The Law School’s criminal law faculty is graced with four of the leading thinkers on the death penalty.
Professors Anthony Amsterdam and Bryan Stevenson are nationally renowned for their litigation in the area and both have won numerous awards including the prestigious MacArthur Foundation Fellowship Prize, also known as the “genius award.” They teach courses on capital litigation and have written highly influential articles on the subject. Amsterdam’s 1972 Supreme Court victory in Furman v. Georgia struck down all capital punishment statutes of the time. Stevenson recently represented a death-row inmate before the Supreme Court in Nelson v. Campbell, where he successfully argued that a prisoner could challenge the means of execution through a section 1983 action. Professor Randy Hertz, director of the Law School’s clinical program, is the co-author of the country’s leading treatise on federal habeas corpus practice and procedure, which is regularly used by capital defenders in challenging convictions and sentences. Professor David Garland, who is known for his landmark work in criminology and the sociology of law, teaches and writes about the death penalty and American culture. (Professor Philip Alston’s recent appointment by the U.N. Commission on Human Rights as Special Rapporteur on extrajudicial, summary, or arbitrary executions adds even more depth to the Law School’s expertise on issues of capital punishment.)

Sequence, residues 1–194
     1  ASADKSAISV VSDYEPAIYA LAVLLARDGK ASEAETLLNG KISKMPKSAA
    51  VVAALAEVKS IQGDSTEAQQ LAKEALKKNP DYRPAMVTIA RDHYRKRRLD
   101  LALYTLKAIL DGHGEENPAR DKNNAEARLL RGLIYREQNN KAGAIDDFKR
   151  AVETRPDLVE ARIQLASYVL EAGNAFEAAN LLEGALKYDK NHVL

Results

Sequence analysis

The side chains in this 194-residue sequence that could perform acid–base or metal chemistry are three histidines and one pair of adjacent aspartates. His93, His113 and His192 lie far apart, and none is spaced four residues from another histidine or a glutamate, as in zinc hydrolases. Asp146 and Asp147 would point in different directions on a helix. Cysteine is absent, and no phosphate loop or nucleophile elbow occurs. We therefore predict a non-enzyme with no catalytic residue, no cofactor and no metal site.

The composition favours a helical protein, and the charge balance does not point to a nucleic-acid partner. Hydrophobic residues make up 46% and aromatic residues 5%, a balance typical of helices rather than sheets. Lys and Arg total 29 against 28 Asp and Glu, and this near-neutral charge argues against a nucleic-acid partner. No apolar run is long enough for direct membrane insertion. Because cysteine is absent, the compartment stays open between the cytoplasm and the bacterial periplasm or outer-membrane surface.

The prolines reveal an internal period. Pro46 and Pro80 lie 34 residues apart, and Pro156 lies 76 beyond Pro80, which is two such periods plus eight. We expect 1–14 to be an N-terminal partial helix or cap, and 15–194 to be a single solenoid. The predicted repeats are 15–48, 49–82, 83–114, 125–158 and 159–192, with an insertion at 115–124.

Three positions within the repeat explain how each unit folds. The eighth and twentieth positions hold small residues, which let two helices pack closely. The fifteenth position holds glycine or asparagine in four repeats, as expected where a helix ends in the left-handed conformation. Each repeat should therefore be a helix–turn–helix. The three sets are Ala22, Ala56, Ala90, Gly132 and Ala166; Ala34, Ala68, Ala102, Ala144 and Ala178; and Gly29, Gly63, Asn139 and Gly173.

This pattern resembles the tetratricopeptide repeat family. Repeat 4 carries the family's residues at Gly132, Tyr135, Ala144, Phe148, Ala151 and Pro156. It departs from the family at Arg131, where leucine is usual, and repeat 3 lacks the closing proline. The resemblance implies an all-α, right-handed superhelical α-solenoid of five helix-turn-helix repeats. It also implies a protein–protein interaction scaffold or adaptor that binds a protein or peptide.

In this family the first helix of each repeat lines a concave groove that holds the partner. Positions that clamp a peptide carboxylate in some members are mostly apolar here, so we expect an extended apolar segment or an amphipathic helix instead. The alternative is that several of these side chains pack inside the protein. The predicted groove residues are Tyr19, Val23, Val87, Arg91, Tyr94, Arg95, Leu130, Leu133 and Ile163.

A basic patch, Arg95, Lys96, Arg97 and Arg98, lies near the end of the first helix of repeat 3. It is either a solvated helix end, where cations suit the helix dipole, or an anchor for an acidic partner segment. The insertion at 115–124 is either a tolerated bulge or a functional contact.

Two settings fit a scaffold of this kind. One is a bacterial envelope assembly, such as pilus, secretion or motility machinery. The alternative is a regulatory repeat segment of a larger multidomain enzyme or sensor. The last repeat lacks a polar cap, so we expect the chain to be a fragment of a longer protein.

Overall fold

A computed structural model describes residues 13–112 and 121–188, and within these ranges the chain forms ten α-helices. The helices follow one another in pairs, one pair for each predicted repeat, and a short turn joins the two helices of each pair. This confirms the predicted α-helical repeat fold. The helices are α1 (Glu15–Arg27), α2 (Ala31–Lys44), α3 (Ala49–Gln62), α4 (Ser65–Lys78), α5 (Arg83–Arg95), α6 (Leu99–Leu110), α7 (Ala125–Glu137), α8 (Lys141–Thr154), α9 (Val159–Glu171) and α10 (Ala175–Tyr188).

The Law School offers two capital defender clinics. In one, taught by Amsterdam with Deborah Fins, an NAACP Legal Defense Fund attorney, students work on capital cases throughout the country, drafting briefs for use in the federal courts, including the U.S. Supreme Court. In the other—which works in conjunction with the Equal Justice Initiative (EJI), the Alabama-based organization headed by Stevenson—students work on Alabama capital cases with Stevenson and EJI managing attorney Randy Susskind, who is on the Law School’s adjunct faculty. Students spend an entire semester in Alabama, finding witnesses, gathering facts, and drafting pleadings on behalf of death row inmates.
Inspired by their exposure to these professors’ teaching and writing, the students of the Law School acted on their own initiative to create Law Students Against the Death Penalty, a student-run organization that brings in speakers, disseminates information, and provides assistance to capital defender offices in New York and around the country.